Davis recently sat down in the anteroom of his eighth-floor suite overlooking the Chicago River to talk with correspondent Michael Arndt about Donnelley's future. An edited transcript follows.
Q: Donnelley epitomizes printing, but we are moving toward a digital world. Do you believe a day will come when there is no longer ink on paper?
A: We've got a long way to go before some of the advantages that print has had since the 1400s are overcome. People like print. It feels right. It reads right. It's portable. I think there's another very important component to this: the economic efficiency of print. If you're an advertiser and you're trying to sell product, the measurement of the cost efficiency is the dollar of sales generated to the cost of advertising.
For example, [in] TV, you spend 19 cents for each $1 of sales. It's 15 cents for radio. It's a little under 11 cents for online advertising, and that will come down. But for most print media, it's in a range of 8 cents to 11 cents. And for Yellow Page directories, it's down around 3.5 cents. So as long as there are these powerful economic advantages, print is going to be in good shape.
Q: Do you see particular areas where print is stronger? Books? Or magazines? Or catalogs?
A: Except for certain pockets--encyclopedias, for example--the hard evidence I have doesn't suggest that there's a fast erosion occurring in any of our businesses. It's hard to compare books with magazines. Both are going to be around a long time. Actually, the reality is that most of the work we do now to prepare something for the printing press is done digitally. That's how we store data today. So when one of our customers wants to use that in any other medium, it's a matter of a format change. That's one of the real advantages we have.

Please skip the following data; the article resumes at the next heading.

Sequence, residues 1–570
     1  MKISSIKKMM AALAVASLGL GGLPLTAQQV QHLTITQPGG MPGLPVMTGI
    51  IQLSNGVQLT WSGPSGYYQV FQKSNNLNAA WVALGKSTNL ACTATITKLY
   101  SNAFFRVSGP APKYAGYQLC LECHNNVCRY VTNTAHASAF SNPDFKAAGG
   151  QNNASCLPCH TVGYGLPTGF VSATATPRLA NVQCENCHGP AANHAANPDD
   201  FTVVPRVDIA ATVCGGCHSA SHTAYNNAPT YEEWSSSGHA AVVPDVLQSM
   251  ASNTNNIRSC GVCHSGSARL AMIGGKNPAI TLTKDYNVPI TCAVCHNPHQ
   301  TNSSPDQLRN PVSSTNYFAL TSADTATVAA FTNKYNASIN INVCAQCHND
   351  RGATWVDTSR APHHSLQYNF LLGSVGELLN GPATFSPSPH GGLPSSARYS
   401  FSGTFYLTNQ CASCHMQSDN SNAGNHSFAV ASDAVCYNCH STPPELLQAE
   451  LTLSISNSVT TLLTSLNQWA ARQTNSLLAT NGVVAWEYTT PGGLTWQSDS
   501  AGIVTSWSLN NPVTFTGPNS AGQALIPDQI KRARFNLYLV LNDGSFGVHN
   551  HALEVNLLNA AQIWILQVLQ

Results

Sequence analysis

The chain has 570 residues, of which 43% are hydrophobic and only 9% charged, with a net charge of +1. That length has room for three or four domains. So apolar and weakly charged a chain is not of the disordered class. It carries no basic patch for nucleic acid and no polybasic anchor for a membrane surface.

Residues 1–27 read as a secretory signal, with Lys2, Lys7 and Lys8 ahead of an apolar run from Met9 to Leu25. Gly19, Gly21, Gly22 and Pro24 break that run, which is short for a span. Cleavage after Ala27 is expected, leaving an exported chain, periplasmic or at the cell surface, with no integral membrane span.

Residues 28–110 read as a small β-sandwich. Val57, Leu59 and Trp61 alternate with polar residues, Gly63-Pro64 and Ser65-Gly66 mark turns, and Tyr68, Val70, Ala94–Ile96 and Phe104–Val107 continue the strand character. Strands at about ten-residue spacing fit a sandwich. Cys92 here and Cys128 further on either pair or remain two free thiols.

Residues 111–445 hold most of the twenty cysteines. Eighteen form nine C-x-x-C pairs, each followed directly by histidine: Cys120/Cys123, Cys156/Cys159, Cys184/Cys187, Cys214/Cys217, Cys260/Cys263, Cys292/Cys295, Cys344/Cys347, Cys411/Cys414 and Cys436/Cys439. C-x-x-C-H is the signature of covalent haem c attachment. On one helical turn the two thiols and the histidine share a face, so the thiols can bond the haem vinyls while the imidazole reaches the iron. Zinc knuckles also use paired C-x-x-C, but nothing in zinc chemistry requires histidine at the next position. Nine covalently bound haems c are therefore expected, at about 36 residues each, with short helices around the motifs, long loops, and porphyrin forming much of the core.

Q: Along those lines, Donnelley took its digital operations and set them up as a separate entity, Red Rover Digital, some months back. Why did you do that?
A: We set up and branded Red Rover Digital to make a statement to our customers--and, frankly, to our own employees--that we have made a substantial effort in this area and that we have a wonderful Web consulting company. Off a small base, so far, we've been able to double sales in the three years we've been in this. I'd like to see it grow a little bit faster, but I don't want to throw a lot of money away real fast on this. We've invested several million dollars. It's not an obscene sum.
Q: That makes you something of an Internet player. Why do you think the stock market is taking such a dim view of Internet players today?
A: I'm not sure the pure Internet player alone has enough substance behind it. I'm not real excited about somebody who is not a real company. I'm much more excited about real companies using the Internet. And I think that's where you're going to see [significant developments]. Our economy is learning how to meld traditional retailing and catalog methods with Internet shopping. I really think that reality today is ahead of perception about what's happening. A year ago, perception was way ahead of reality--and was probably wrong.